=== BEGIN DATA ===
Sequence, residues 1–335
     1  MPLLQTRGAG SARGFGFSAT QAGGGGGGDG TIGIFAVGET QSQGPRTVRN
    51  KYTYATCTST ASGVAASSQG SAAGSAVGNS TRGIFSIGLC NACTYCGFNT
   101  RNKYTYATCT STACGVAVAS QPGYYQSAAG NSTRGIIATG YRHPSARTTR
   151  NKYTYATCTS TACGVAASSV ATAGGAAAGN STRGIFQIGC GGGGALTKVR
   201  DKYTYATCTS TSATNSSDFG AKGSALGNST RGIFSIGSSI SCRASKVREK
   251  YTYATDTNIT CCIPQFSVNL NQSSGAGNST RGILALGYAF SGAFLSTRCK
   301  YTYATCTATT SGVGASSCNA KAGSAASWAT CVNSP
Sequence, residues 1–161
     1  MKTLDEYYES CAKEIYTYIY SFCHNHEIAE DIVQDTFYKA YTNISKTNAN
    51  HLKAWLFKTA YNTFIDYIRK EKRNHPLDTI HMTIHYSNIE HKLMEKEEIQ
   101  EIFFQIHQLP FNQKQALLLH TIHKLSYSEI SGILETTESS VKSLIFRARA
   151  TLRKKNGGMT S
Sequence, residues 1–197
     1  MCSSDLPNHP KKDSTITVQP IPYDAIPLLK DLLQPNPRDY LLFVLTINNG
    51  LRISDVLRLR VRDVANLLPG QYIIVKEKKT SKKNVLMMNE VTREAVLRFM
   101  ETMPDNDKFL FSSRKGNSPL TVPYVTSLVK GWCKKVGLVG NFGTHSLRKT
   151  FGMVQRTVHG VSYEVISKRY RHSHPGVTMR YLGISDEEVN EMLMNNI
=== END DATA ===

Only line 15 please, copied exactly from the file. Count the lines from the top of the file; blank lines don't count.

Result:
     1  MCSSDLPNHP KKDSTITVQP IPYDAIPLLK DLLQPNPRDY LLFVLTINNG